Monday, December 26, 2011

Why The Messiah Must Come Twice

I was reading of a story that the Jews relate.  A New York City rabbi was being told by a witnessing Christian that Jesus was the Messiah.  The rabbi walked to his window, looked out at the city unchanged by all its corruption.  He returned and said, "No, when the Messiah comes there will be justice".  Perhaps he was thinking of Isa. 61:1-2, " The Spirit of the Lord GOD is upon me, because the LORD has anointed me to bring good news to the poor; he has sent me to bind up the brokenhearted, to proclaim liberty to the captives, and the opening of the prison to those who are bound;  to proclaim the year of the LORD's favor, and the day of vengeance of our God; to comfort all who mourn."  Here the prophet repeats what he has already said, that when the Messiah comes one of the things he will do is judge the wicked.  It might also be worth while pointing out that when Jesus quotes this passage early on in his ministry while in Nazareth he stops before he gets to the reference to judgment.

It seems to me there is a fundamental flaw in this rabbi's criterion for identifying the Messiah.  He assumes that the Messiah will only come once and when he does he will judge the wicked and exercise justice.  His assumption then is that this is a good thing at least for Jews.  The flaw is in thinking that he should have justice and not grace.  He has placed himself in a category that doesn't exist, at least not outside of Christ.  "There is none that does good, no not one"; why then does he assume that the Messiah will only come once and that this is a good thing for him?

This was the first thought that came to me when I read the story and perhaps the reason Jesus leaves out part of the quote from Isaiah when speaking of what his mission was during his first advent.  It is unmerited mercy and amazing grace that he came the first time without reference to judgment.  If Jesus hadn't come the first time to deal with our sin no one would be able to stand in the Day of Judgment.  It is a tragedy of monumental proportions to think that the only work the Messiah needs to do is make this world right by giving to everyone what they deserve.   It is supreme arrogance to think that you are ready to meet God's appointed Judge while you reject his work on the cross.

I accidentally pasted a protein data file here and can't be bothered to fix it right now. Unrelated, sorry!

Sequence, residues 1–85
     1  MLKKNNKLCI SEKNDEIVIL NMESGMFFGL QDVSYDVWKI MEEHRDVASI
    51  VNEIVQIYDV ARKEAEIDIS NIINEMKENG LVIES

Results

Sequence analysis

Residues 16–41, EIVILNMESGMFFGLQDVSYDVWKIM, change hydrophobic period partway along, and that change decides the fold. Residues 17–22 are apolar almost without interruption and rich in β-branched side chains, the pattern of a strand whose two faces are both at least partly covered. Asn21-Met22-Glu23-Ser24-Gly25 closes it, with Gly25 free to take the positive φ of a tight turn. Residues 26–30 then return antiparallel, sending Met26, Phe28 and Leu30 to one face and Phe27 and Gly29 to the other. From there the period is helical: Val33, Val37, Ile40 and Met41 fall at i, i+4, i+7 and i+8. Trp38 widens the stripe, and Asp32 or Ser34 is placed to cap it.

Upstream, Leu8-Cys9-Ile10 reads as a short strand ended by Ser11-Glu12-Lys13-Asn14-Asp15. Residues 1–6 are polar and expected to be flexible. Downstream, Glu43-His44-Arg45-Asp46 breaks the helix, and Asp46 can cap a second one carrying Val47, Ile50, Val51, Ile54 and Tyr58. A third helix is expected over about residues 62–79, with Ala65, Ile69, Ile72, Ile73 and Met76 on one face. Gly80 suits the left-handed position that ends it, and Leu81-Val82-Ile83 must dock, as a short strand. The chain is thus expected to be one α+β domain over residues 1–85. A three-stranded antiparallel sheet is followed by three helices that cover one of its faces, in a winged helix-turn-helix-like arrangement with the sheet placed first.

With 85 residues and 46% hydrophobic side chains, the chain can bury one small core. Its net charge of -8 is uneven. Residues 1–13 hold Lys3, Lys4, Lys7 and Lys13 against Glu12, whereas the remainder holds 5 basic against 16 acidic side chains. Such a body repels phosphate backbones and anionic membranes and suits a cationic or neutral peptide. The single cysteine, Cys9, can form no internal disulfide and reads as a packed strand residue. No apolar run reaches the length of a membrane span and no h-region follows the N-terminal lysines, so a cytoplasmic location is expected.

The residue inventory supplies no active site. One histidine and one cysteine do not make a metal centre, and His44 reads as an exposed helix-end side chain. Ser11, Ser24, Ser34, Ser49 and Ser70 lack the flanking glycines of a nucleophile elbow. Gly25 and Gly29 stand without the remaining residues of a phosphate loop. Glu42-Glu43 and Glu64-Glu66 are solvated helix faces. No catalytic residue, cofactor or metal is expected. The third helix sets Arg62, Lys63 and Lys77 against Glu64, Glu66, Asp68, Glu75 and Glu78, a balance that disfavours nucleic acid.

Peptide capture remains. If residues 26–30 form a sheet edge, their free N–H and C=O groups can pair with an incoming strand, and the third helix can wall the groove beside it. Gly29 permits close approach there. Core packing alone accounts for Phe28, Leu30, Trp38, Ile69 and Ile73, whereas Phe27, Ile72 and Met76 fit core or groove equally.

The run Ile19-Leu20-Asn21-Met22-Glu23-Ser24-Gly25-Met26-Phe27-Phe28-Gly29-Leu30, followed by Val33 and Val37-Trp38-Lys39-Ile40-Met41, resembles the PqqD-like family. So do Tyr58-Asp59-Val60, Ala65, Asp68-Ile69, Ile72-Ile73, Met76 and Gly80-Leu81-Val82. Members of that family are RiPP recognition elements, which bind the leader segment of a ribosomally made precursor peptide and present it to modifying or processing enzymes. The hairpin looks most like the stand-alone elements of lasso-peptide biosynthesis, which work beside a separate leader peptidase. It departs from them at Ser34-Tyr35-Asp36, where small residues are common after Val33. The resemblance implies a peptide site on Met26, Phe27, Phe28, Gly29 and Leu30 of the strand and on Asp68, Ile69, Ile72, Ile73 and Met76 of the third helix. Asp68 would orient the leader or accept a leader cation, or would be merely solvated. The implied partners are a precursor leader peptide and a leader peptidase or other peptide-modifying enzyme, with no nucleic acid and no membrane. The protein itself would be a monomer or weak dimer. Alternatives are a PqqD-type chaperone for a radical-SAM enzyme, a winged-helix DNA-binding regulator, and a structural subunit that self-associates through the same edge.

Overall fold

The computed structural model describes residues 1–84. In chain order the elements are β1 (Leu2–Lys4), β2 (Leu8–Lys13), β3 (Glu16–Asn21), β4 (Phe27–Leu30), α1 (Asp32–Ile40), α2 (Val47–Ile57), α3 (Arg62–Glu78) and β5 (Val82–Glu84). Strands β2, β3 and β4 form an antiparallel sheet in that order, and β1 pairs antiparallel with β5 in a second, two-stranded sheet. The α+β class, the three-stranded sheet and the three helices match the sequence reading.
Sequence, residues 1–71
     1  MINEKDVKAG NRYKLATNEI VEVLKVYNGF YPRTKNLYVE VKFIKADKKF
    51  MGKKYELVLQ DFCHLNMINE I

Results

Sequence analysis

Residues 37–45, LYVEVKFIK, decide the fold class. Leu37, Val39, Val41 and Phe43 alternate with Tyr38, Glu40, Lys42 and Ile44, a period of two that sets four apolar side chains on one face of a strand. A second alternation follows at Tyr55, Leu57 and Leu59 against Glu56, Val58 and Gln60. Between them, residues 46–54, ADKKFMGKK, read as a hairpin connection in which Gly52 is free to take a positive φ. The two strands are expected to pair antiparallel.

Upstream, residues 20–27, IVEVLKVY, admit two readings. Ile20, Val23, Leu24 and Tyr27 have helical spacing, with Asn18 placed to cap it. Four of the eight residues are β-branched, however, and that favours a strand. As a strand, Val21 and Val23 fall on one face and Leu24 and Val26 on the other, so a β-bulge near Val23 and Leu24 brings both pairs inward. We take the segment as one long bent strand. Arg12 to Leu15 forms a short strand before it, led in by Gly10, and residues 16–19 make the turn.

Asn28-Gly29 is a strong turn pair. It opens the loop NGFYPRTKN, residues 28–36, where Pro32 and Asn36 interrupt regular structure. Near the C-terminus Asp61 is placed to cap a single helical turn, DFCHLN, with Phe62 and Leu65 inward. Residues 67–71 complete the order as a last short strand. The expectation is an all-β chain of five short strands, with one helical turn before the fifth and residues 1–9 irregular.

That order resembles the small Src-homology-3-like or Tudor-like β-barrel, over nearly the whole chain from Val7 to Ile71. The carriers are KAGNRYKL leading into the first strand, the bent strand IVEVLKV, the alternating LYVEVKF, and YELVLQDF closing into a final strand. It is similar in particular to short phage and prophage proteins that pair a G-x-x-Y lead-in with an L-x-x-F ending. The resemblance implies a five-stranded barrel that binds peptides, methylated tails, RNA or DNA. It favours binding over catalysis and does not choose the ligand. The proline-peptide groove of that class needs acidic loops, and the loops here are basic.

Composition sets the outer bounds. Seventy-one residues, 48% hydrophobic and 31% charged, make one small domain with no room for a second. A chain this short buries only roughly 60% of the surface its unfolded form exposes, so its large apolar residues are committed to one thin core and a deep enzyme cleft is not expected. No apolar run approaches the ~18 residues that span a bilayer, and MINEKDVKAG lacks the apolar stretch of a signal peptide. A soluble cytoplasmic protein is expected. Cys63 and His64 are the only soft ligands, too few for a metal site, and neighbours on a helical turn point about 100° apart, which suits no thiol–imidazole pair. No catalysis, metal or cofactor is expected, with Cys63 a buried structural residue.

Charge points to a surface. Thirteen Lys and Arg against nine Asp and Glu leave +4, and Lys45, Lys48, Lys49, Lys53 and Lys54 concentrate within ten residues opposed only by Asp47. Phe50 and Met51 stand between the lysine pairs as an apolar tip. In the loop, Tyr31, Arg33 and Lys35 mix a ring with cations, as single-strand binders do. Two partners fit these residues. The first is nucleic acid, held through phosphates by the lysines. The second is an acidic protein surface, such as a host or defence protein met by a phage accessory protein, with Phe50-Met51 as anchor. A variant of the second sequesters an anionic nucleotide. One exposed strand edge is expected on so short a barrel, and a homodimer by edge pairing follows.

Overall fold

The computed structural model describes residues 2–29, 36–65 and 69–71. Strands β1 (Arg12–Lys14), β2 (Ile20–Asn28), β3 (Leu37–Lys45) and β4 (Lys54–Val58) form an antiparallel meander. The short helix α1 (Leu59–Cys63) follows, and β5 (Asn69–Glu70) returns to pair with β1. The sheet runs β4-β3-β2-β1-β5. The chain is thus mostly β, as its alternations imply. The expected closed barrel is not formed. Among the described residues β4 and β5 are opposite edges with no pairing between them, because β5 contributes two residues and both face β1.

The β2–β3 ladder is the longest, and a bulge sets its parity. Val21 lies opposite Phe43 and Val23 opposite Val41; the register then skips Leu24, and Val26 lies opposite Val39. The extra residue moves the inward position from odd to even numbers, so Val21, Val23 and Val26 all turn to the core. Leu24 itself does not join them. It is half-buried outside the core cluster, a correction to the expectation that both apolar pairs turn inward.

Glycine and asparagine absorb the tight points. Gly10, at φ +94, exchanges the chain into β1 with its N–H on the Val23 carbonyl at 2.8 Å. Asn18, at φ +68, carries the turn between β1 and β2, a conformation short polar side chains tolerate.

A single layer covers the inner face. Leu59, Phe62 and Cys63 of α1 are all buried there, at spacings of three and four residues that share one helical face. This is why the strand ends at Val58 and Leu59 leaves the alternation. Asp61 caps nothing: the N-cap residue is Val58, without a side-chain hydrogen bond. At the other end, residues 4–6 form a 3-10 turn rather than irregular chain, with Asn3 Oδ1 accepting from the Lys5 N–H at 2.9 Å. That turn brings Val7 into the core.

Heb. 9:26-28 seems to bring the need of these two advents together in the same passage, "For then must he often have suffered since the foundation of the world: but now once in the end of the world hath he appeared to put away sin by the sacrifice of himself.  And as it is appointed unto men once to die, but after this the judgment: So Christ was once offered to bear the sins of many; and unto them that look for him shall he appear the second time without sin unto salvation."  The reason he had to come the first time was to put away sin and the reason was because all men are sinners proven by the fact that all men die.  And at death we are judged for our sin.  The ones that Jesus died for are the only ones who can legitimately look forward to his return.  He has taken away all the guilt of our sin and so when he comes back it will not be to judge us but to glorify us.  Clearly there is a connection between the cross and being ready for his return.  May each one reading this make his calling and election sure.  Have you fled to the cross of Christ as your only way for the forgiveness of your sins?

If the Messiah only comes once, we are all in trouble.  Praise God that he sent his Son the first time to save so we can be ready for the Second Coming.  The first advent secured our salvation.  There's your Christmas message in a nutshell.  Sorry it's a day late!

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